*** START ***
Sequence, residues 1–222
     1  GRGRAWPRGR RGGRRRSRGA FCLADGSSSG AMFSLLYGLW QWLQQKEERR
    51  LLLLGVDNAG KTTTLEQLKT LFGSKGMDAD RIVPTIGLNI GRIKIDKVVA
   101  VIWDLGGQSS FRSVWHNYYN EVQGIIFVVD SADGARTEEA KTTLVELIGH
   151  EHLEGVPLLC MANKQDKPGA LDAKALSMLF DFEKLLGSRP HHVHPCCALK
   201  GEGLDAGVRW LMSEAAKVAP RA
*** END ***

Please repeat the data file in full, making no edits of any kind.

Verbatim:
Sequence, residues 1–222
     1  GRGRAWPRGR RGGRRRSRGA FCLADGSSSG AMFSLLYGLW QWLQQKEERR
    51  LLLLGVDNAG KTTTLEQLKT LFGSKGMDAD RIVPTIGLNI GRIKIDKVVA
   101  VIWDLGGQSS FRSVWHNYYN EVQGIIFVVD SADGARTEEA KTTLVELIGH
   151  EHLEGVPLLC MANKQDKPGA LDAKALSMLF DFEKLLGSRP HHVHPCCALK
   201  GEGLDAGVRW LMSEAAKVAP RA